Keywords

World Trade Center Structural fire effects Impact damage Structural analysis Failure analysis Global collapse 

References

  1. 1.
    McAllister TP, Sadek F, Gross JL, Averill JD, Gann RG (2012) Overview of the structural design of World Trade Center 1, 2, and 7 buildings. Fire Technol. doi: 10.1007/s10694-012-0285-6
  2. 2.
    Gann RG, Hamins A, McGrattan K, Nelson HE, Ohlemiller TJ, Prasad KR, Pitts WM (2012) Reconstruction of the fires and thermal environment in World Trade Center Buildings 1, 2, and 7. Fire Technol. doi: 10.1007/s10694-012-0288-3
  3. 3.
    McAllister TP, Gross JL, Sadek F, Kirkpatrick S, MacNeill RA, Zarghamee M, Erbay OO, Sarawit AT (2012) Structural response of World Trade Center Buildings 1, 2, and 7 to impact and fire damage. Fire Technol. doi: 10.1007/s10694-012-0289-2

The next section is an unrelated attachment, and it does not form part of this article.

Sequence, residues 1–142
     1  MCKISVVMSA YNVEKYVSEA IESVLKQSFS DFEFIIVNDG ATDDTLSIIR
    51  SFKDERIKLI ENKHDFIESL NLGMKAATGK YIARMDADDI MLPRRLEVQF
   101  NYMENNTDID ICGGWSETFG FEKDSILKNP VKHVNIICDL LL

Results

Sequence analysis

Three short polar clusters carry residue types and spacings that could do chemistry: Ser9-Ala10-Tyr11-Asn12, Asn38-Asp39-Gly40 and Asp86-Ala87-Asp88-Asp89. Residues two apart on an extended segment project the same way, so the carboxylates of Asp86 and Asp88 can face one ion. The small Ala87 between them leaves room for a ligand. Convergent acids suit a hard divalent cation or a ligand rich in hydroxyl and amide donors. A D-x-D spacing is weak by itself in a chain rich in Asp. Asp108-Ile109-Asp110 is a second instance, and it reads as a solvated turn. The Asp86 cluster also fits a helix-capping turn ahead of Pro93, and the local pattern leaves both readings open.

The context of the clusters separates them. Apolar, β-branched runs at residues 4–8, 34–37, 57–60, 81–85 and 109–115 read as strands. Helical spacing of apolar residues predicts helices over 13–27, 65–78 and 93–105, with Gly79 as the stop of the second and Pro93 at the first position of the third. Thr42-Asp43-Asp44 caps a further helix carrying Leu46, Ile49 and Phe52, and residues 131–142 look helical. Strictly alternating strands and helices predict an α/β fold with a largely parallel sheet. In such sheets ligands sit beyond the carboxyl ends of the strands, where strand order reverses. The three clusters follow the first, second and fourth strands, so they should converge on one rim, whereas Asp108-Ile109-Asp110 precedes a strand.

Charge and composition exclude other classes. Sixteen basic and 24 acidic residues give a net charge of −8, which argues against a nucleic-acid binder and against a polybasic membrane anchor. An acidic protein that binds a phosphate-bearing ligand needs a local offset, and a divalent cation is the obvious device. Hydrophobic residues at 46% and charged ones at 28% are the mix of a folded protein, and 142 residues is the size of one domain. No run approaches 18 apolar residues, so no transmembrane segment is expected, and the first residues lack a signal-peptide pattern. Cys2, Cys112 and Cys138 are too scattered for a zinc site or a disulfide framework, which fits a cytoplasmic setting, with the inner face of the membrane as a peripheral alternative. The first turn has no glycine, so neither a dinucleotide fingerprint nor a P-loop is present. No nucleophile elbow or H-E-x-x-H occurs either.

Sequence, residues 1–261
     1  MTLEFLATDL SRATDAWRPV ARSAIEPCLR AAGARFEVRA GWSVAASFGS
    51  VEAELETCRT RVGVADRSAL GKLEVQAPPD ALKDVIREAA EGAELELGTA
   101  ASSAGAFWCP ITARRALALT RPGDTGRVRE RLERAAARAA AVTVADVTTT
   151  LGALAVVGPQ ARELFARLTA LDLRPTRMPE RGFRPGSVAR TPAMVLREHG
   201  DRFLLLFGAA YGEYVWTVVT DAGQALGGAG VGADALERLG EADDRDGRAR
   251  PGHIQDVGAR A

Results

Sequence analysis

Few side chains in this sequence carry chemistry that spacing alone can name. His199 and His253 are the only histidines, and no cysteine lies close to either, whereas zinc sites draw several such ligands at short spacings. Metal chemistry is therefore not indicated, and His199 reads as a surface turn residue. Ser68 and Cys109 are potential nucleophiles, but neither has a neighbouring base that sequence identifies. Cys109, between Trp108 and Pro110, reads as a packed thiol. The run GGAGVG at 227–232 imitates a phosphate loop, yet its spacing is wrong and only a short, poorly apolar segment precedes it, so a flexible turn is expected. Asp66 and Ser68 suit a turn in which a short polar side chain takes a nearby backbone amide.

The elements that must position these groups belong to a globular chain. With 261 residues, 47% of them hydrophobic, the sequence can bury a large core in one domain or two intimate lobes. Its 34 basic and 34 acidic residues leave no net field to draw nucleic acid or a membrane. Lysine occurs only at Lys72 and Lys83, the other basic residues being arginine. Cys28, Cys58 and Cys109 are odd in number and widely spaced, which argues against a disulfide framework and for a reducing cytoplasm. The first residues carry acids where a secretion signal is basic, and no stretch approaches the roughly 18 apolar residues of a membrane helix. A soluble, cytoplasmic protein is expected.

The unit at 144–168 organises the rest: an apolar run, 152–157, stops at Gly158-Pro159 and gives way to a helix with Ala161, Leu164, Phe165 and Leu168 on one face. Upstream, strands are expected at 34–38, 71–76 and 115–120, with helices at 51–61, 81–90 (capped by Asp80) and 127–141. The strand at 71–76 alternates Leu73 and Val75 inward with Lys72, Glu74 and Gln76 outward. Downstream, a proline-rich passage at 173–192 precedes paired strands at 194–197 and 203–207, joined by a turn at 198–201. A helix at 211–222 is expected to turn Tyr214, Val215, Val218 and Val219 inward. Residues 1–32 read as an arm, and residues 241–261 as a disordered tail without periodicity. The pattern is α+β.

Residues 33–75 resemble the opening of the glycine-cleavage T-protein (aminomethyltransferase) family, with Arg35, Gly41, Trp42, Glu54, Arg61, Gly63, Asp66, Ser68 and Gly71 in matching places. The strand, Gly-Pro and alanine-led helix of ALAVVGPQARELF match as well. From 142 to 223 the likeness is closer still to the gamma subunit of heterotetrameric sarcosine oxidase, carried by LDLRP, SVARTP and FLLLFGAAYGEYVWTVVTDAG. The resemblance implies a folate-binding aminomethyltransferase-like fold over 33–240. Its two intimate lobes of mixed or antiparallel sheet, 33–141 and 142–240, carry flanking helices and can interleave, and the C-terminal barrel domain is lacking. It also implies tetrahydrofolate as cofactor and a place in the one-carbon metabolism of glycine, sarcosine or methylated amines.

4. 4.
    Gross J, Hervey F, Izydorek M, Mammoser J, Treadway J (2005) Federal building and fire safety investigation of the World Trade Center disaster: fire resistance tests of floor truss systems. NIST NCSTAR 1–6B. National Institute of Standards and Technology, GaithersburgGoogle Scholar
  5. 5.
    British Steel (1999) The behaviour of multi-storey steel framed buildings in fire. British Steel Plc, Swinden Technology Centre, South YorkshireGoogle Scholar
  6. 6.
    McAllister T (ed) (2002) World Trade Center building performance study: data collection, preliminary observations, and recommendations, FEMA 403. Federal Emergency Management Agency, Washington, DCGoogle Scholar
  7. 7.
    Routley JG, Jennings C, Chubb M (1991) High-rise office building fire: One Meridian Plaza, Philadelphia, Pennsylvania (February 23, 1991). United States Fire Administration, EmmitsburgGoogle Scholar